Marks & Spencer get nationwide re-fit

Marks & Spencer are hoping that tailoring new formats in stores to the needs of the local customers will encourage more shoppers through their doors. The trading environment is extremely tough at the minute and M&S are looking to build on their 13% rise in their full year profit figures. As well as being the biggest clothing retailer in the UK, they sell home wares and up-market food products.

They announced on Tuesday that the new store formats will be selling products against a five point criteria to fit the locality- affluence, competition, demographics, ethnicity and regionality. The general layout of the stores will also be greatly improved and new signs will showcase the M&S sub-brands to better effect than at present. Large M&S stores have been said in the past to be ‘confusing’, and these measures look to address this.

The CE, Marc Bolland, has told reporters that customer feedback had told them that their stores could be difficult to shop in. He said that these new ‘tester’ stores, part of an overall growth plan which they revealed in November, would begin trading in October. Most of Britain’s retailers are currently struggling as consumers are being hit by soaring costs across the board. Soaring Cotton prices are greatly affecting clothing retailers.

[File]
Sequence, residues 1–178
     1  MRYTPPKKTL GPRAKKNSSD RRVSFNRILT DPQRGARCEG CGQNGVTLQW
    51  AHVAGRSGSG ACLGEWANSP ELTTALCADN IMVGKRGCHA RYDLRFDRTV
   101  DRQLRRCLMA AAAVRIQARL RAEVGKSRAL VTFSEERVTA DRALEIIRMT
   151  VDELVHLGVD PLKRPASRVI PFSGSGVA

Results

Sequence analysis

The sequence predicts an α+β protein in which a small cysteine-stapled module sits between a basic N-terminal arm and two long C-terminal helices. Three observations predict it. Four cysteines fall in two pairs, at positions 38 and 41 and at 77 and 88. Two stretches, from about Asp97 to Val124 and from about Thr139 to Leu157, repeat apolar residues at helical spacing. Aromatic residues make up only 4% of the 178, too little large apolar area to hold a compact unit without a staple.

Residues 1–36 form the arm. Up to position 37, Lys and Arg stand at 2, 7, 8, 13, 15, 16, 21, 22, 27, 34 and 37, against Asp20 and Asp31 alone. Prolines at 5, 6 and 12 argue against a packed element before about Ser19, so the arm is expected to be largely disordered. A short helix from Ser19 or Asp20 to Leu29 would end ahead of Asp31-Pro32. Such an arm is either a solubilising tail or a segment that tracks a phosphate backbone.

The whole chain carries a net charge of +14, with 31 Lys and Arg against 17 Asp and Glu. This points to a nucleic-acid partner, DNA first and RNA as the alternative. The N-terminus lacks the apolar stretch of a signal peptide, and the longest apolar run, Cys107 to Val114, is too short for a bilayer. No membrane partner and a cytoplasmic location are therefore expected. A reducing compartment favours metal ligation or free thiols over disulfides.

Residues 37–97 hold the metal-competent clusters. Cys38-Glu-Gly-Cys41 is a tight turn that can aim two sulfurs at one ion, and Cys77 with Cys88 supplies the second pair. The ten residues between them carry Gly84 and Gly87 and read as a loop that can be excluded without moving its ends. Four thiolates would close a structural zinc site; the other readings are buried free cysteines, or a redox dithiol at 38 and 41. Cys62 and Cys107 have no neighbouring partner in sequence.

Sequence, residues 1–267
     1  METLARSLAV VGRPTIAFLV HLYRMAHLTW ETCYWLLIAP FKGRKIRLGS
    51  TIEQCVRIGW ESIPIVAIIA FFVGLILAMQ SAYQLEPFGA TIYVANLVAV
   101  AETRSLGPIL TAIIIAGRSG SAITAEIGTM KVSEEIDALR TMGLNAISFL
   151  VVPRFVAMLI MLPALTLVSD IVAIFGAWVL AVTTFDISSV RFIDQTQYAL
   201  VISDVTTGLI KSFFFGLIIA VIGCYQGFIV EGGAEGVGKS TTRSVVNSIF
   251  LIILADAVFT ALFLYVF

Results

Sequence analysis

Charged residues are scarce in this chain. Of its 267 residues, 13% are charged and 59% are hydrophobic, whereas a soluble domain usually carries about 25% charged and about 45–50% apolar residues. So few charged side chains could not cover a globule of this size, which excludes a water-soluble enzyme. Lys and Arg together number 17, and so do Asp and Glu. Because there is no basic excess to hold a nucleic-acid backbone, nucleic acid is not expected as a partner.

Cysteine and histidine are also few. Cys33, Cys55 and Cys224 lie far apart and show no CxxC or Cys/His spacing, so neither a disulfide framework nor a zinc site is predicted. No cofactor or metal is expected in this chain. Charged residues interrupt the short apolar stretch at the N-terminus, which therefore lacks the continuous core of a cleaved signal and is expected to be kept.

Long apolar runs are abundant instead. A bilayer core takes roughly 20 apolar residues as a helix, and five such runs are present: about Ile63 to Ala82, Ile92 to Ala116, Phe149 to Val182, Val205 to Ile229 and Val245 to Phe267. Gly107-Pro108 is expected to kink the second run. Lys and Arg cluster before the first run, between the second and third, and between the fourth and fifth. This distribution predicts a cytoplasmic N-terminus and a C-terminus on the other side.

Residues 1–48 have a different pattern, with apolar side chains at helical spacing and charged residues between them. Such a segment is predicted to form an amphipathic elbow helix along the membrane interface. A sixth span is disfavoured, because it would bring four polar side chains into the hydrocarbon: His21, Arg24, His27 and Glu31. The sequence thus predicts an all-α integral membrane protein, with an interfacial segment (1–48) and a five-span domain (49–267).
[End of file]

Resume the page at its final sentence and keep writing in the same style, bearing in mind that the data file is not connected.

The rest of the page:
M&S has said that even though it has made a good start to this new financial year, it was expecting the trading conditions in the coming year to be very challenging. These comments echo previous concerns voiced by their competitors. Bolland said that the consumers were aware of the difficulties they would be facing in the coming months and that they were going to have to make some tough choices.